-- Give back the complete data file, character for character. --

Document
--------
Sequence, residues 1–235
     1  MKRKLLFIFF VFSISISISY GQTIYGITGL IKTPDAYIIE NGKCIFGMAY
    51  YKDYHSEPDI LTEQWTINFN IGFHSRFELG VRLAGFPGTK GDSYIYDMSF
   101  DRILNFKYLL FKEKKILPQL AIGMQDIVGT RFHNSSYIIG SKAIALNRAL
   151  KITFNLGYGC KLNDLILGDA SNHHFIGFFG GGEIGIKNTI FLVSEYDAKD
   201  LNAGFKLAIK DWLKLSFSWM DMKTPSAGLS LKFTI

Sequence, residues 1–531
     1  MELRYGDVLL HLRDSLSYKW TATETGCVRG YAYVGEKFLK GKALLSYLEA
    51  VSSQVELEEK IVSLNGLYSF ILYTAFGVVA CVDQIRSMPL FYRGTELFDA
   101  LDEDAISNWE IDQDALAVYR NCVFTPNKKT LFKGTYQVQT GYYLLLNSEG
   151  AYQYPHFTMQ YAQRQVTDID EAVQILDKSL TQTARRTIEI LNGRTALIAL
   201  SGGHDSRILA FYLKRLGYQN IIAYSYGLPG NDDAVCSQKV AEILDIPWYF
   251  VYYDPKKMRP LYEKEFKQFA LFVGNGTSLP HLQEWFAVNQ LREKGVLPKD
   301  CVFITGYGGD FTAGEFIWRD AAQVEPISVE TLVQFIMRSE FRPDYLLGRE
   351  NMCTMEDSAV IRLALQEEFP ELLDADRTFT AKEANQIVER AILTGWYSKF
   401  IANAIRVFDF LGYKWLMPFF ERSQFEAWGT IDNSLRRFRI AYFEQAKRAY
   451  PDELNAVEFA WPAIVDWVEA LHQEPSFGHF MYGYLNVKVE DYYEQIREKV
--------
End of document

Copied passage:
Sequence, residues 1–235
     1  MKRKLLFIFF VFSISISISY GQTIYGITGL IKTPDAYIIE NGKCIFGMAY
    51  YKDYHSEPDI LTEQWTINFN IGFHSRFELG VRLAGFPGTK GDSYIYDMSF
   101  DRILNFKYLL FKEKKILPQL AIGMQDIVGT RFHNSSYIIG SKAIALNRAL
   151  KITFNLGYGC KLNDLILGDA SNHHFIGFFG GGEIGIKNTI FLVSEYDAKD
   201  LNAGFKLAIK DWLKLSFSWM DMKTPSAGLS LKFTI

Sequence, residues 1–531
     1  MELRYGDVLL HLRDSLSYKW TATETGCVRG YAYVGEKFLK GKALLSYLEA
    51  VSSQVELEEK IVSLNGLYSF ILYTAFGVVA CVDQIRSMPL FYRGTELFDA
   101  LDEDAISNWE IDQDALAVYR NCVFTPNKKT LFKGTYQVQT GYYLLLNSEG
   151  AYQYPHFTMQ YAQRQVTDID EAVQILDKSL TQTARRTIEI LNGRTALIAL
   201  SGGHDSRILA FYLKRLGYQN IIAYSYGLPG NDDAVCSQKV AEILDIPWYF
   251  VYYDPKKMRP LYEKEFKQFA LFVGNGTSLP HLQEWFAVNQ LREKGVLPKD
   301  CVFITGYGGD FTAGEFIWRD AAQVEPISVE TLVQFIMRSE FRPDYLLGRE
   351  NMCTMEDSAV IRLALQEEFP ELLDADRTFT AKEANQIVER AILTGWYSKF
   401  IANAIRVFDF LGYKWLMPFF ERSQFEAWGT IDNSLRRFRI AYFEQAKRAY
   451  PDELNAVEFA WPAIVDWVEA LHQEPSFGHF MYGYLNVKVE DYYEQIREKV